How to Calculate the Maximum PITI for an FHA Loan

For many first-time homebuyers, the process of securing favorable interest rates and paying the 20 percent down payment can be a daunting proposition. Whether you have great financial history or are trying to recover from previous missteps, an additional "helping hand" with respect to mortgage lending is always valuable. The Federal Housing Administration works with private lenders to provide a variety of federally-backed mortgage lending opportunities to qualified borrowers who may otherwise not be eligible for the best conventional lending opportunities. Using a few simple formulas, you can calculate the maximum principal, interest, tax and insurance, or PITI, payment attached to your FHA loan.

TL;DR (Too Long; Didn't Read)

Using a simple mortgage calculator and FHA loan guidelines, you can quickly determine what the max PITI payment for your loan will be. These calculations are integral to long-term financial planning.

The Basics of FHA Loans

It is a common misconception that an FHA loan is a form of lending originating in the federal government. While the FHA does back the mortgages they advertise to lenders, they do not provide cash directly to borrowers. Instead, they collaborate with private lenders and insure the loans that are offered to qualified borrowers.

FHA Loan Requirements and Benefits

FHA loans typically include borrowing requirements that are far less stringent than those attached to conventional loans. For example, the credit score requirements are reduced, and the size of the down payment required to secure an FHA loan is also noticeably smaller. Whereas a conventional loan will expect borrowers to pay as close to 20 percent of the sale price as possible, FHA Loans can be obtained for as little as 3.5 percent down.

In exchange for these lenient terms, however, borrowers accepted into the FHA program will be required to pay an upfront mortgage insurance premium equivalent to 1.75 percent of the loan amount, as well as mortgage insurance premiums on a monthly basis (often between 0.45 percent to 1.05 percent of the original loan amount).

Using a PITI Calculator With FHA

When the FHA evaluates your loan application, they will make an assessment as to the maximum PITI that they will endorse. A sum over this amount will represent an unacceptable level of risk. Generally speaking, PITI calculations are directly linked to an evaluation of the overall price of the home.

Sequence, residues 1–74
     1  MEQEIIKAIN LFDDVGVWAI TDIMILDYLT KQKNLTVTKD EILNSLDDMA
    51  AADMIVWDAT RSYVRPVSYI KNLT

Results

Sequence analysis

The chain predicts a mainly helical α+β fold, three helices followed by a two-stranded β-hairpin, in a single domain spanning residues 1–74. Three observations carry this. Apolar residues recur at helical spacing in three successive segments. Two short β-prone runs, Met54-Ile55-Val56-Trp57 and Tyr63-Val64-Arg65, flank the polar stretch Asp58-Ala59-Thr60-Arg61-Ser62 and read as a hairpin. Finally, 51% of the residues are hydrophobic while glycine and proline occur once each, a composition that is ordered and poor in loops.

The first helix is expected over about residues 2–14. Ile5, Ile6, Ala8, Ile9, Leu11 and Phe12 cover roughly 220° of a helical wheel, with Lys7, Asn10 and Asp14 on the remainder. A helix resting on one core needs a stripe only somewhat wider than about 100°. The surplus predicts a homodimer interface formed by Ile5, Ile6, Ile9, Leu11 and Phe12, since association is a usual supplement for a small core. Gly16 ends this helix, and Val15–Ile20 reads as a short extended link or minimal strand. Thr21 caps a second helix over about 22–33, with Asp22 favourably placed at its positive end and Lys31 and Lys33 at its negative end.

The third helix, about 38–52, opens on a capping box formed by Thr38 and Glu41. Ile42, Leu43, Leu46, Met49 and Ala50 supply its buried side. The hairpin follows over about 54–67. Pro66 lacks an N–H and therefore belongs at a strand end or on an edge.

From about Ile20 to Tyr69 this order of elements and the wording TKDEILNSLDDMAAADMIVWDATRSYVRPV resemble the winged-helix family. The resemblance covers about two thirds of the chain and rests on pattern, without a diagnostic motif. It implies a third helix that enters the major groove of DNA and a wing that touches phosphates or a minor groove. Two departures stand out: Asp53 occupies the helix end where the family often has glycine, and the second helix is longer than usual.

The FHA website allows users to search by county and discover the maximum FHA-endorsed mortgage amount for their particular area. For example, a quick search for FHA limits in Washington, D.C., will reveal that the current mortgage limit for a one-family home in this area is $726,525. Working backward, this figure allows you to determine the size of your monthly PITI payment that would be attached to a home with this sale price.

PITI Calculation Example

As an example, consider the following. An individual has taken out a 30-year fixed-rate mortgage on a home with a sale price of $300,000. The annual percentage rate attached to the mortgage is 3.3 percent, and area property taxes are 1.5 percent of the appraised value of the property. The first step toward determining the monthly PITI paid on the property is to look at the amortization calculator provided by the lender. This will allow you to quickly determine the total sum of principal and interest that will be paid on a monthly basis.

At this point, take the appraised value of the property and multiply it by the decimal-formatted property tax percentage value. To format a percent into a decimal value, simply divide it by 100. So, a property tax rate of 1.5 percent would convert to .015. Therefore, a home worth $300,000 would generate $4,500 in property taxes on an annual basis. You can divide this by 12 to assess exactly how much property tax will be paid on a monthly basis.

As a final step, add the total monthly home insurance premium you are paying to the sums derived previously. You should now have your total monthly PITI. Potential homebuyers who need additional assistance mastering these concepts should consult directly with a financial adviser or mortgage representative at the bank they plan on securing their loan through.

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